Mirzya Hindi Movie Review

Feature Film | UA | Drama, Musicals
A high concept film is a welcome change from the usual loud Bollywood love stories. But when all you see is a Zhang Yimou hangover on screen without the vision or the depth, you realise that it's just a pretentious film. And the world that the characters in Mirzya occupy are neither ancient nor in the now. It's a sad debut film of two young people who just go through the motions because everything is pretending to be art.
Oct 6, 2016 By Manisha Lakhe

When will filmmakers learn that two people who know Shakespeare will not recite verses and say, 'Shakespeare, right?'

The pretentiousness starts right there. But then we are already playing the game of Kings and Princesses (because everyone and their uncle is a king in Rajasthan!). And if someone told a modern woman that a true princess should know how to ride a horse, she would have said, 'I fly planes' or something, and never married the man who wanted her to learn this or that before she was worthy enough to be his wife.

But then this princess obeys, because she needs to later ask the lad she is running away with, 'Petrol khatam ho gaya, now what do we do?'

When will we stop showing wilting violets and dare to give her a bow and arrow and fight like Gong Li? The filmmaker has borrowed so extensively from Chinese epic period films (including the man bun), that you'd rather fast forward those parts and watch Jet Li in Hero instead. Not one spectacular memorable scene, we either get Punjabi songs sung on top of the octave, or South Indian background music. And the movie about a Punjabi folk tale is set in Rajasthan. But there are snow-clad mountains and Revenant like scenes of horses galloping through waters. Remember the beauty of Jet li's sword touching the mirror like water before the fight? You get none of the beauty in the film and all the topographical confusion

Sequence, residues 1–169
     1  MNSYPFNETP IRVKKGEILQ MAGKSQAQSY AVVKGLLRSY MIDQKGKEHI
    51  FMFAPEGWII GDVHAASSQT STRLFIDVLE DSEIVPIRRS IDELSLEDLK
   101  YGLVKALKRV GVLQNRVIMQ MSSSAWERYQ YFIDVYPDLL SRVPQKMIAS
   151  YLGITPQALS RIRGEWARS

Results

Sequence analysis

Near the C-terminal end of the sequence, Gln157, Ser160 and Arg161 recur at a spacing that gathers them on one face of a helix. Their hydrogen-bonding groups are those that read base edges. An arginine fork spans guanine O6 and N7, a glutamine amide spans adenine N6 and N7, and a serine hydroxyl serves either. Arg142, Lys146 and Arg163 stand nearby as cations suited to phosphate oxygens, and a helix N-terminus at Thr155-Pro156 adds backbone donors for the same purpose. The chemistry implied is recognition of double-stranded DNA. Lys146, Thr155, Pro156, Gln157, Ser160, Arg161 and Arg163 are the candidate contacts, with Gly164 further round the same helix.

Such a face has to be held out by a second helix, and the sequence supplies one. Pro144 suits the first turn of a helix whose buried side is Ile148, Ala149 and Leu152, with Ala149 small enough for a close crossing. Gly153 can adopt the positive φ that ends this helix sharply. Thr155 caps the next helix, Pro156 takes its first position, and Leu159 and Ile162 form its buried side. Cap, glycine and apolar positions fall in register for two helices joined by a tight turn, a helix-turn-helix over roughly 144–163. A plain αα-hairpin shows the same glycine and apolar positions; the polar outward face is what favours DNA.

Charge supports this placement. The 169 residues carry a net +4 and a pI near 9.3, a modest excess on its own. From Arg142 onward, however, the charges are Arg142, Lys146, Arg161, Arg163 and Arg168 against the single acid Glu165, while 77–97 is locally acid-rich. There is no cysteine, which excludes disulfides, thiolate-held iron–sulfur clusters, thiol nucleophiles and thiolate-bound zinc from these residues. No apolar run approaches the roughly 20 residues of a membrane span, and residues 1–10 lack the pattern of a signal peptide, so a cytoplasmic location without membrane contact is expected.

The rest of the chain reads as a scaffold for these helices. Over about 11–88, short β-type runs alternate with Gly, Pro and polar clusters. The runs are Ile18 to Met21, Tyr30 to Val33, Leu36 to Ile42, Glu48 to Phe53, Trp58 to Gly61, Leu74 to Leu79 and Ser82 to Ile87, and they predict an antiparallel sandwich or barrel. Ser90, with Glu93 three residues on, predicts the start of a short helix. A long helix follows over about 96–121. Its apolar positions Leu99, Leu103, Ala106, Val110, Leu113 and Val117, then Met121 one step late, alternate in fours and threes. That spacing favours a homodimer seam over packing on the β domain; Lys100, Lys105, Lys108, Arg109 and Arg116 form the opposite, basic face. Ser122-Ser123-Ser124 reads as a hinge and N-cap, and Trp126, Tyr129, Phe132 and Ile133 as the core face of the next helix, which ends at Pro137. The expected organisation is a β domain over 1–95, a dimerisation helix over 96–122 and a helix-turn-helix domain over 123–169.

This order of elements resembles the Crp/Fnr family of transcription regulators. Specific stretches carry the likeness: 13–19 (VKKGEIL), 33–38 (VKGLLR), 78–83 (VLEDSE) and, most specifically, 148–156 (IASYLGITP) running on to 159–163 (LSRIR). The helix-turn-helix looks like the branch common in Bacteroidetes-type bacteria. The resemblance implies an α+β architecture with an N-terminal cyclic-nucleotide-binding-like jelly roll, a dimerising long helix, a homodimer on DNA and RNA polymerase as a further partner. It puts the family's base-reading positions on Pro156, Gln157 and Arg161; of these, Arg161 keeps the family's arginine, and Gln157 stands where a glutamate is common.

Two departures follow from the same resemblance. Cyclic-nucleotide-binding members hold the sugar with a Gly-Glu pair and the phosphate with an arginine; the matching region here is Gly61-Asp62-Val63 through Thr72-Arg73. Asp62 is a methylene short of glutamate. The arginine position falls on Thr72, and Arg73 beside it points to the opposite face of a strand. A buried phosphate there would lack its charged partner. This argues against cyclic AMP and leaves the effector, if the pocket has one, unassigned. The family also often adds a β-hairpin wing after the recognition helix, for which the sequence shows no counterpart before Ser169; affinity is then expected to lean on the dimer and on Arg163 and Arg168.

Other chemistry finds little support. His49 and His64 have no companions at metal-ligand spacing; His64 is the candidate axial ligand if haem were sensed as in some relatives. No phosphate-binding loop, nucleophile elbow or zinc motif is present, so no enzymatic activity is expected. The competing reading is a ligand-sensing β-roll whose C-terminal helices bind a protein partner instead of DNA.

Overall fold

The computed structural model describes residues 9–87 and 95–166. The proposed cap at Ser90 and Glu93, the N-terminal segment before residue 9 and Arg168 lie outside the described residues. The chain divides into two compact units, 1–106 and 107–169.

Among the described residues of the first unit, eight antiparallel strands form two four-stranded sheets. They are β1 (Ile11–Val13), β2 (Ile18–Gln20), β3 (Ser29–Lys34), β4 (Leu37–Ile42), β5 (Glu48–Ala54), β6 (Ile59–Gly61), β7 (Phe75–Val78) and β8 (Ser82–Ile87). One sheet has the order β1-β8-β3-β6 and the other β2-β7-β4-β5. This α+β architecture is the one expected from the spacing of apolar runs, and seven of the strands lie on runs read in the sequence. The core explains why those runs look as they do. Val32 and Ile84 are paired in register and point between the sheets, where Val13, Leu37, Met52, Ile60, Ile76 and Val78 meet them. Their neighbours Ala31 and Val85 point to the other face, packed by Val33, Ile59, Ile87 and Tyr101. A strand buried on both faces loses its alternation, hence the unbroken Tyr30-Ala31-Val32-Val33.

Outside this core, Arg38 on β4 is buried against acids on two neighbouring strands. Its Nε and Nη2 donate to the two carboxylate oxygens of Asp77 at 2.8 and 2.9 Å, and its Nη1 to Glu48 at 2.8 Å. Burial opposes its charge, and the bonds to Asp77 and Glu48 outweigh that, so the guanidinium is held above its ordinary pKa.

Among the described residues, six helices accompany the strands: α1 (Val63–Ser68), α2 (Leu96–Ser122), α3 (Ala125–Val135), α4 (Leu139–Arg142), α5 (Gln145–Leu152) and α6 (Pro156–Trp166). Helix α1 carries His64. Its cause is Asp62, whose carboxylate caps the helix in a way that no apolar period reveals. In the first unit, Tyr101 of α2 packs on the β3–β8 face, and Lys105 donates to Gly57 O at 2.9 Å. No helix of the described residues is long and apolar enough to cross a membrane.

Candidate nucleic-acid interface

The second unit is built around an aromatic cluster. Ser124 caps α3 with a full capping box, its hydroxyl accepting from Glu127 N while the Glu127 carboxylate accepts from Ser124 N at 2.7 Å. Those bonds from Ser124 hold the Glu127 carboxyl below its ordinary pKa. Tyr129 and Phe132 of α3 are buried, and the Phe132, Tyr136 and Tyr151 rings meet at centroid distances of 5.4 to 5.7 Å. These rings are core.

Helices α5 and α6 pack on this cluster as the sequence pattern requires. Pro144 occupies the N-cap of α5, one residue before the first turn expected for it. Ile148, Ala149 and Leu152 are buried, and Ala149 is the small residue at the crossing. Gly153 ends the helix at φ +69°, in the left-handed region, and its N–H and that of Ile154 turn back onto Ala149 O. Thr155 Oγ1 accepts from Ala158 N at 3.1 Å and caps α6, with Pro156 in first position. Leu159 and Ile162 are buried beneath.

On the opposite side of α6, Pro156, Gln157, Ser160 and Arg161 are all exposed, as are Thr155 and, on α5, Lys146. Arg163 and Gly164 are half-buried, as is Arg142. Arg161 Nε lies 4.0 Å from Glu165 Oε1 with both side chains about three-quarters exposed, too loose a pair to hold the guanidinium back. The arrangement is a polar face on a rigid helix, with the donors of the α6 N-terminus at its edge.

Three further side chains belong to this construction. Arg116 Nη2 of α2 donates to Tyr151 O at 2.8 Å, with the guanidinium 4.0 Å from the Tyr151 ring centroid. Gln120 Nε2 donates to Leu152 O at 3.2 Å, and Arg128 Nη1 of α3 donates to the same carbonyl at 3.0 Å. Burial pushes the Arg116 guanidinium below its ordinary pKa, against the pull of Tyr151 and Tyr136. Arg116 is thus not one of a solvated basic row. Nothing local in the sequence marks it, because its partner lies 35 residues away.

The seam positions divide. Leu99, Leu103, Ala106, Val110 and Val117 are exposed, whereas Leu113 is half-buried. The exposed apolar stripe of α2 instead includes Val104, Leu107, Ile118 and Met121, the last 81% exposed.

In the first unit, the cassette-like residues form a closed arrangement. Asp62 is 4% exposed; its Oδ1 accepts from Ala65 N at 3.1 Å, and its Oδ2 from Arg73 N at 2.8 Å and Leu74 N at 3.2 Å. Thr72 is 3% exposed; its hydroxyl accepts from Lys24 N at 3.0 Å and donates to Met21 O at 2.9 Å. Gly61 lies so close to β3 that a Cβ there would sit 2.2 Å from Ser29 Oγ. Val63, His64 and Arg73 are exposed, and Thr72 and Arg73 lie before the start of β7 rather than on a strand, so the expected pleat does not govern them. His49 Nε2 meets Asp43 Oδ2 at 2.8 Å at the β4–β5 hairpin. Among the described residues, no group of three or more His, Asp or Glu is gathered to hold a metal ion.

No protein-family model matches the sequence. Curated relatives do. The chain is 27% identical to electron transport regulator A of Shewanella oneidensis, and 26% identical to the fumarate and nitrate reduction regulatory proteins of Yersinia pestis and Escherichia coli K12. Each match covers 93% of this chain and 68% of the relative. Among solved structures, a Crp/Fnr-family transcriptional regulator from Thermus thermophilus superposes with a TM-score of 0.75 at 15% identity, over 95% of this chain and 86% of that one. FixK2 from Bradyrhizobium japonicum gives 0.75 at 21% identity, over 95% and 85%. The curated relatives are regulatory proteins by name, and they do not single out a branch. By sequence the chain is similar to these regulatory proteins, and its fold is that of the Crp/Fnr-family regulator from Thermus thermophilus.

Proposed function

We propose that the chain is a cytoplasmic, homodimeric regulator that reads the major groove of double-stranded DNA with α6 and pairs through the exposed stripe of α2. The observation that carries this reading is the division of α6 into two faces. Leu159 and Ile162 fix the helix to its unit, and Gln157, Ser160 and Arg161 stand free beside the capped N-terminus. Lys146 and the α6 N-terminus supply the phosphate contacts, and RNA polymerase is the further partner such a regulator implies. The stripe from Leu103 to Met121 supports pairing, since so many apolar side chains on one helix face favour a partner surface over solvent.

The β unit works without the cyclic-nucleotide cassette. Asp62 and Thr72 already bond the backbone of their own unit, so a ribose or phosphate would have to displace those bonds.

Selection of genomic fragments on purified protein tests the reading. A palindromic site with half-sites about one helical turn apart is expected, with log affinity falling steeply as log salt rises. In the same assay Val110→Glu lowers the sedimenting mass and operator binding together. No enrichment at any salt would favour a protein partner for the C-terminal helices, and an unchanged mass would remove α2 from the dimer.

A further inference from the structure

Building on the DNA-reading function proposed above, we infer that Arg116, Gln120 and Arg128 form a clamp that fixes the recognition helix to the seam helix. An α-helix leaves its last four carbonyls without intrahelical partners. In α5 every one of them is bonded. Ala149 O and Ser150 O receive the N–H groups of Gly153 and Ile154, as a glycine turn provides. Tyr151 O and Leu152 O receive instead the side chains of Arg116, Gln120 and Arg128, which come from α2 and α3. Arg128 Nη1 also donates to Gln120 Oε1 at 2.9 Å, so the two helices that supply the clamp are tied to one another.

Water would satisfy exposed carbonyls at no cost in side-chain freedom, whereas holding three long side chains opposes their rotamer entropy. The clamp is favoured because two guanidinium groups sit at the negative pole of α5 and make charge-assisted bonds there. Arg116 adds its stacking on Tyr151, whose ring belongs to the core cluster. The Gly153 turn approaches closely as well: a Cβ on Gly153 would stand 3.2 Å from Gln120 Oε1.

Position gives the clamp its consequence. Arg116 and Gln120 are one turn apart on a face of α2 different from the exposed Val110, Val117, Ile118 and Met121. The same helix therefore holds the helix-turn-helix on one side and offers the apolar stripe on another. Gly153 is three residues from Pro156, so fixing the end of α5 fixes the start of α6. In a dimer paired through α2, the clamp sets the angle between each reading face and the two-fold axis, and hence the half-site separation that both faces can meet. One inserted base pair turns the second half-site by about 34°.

You do get slow motion dancing of what could only be the Greek Chorus of a dance troupe that is mostly in a collective orgasm (they appear many times through the film, to give you time to forget that story has not moved). Except when they're play catch the hammers while dancing on the partially underground furnace. Then you wonder why they're always working. Are they manufacturing guns for the army or are they making up for some huge backlog on bullock cart wheels?

The two young stars who make their debut as star-crossed lovers are saved from emoting by songs that interrupt and freeze their faces. Or the scene is cut to the past or the present or to Art Malik who plays the father of the heroine and really saves the film. Anuj Choudhry is good as the Prince Charming who turns out to be a beast. The strange tree of Ishq Wala Love from Student Of The Year shows up in the middle of nowhere for ancient Mirzya and his girl to rest under.

There are fifteen songs in the least, and stanzas broken up to make the 129 minute film feel 'timeless'. But when you do get out of the warp, you paraphrase Shakespeare's Scottish King who realises that the film is 'but a walking shadow, a poor player/ That struts and frets his hour upon the screen/And then is heard no more: it is a tale/ Told by an idiot, full of sound and fury,/Signifying nothing.'

Manisha Lakhe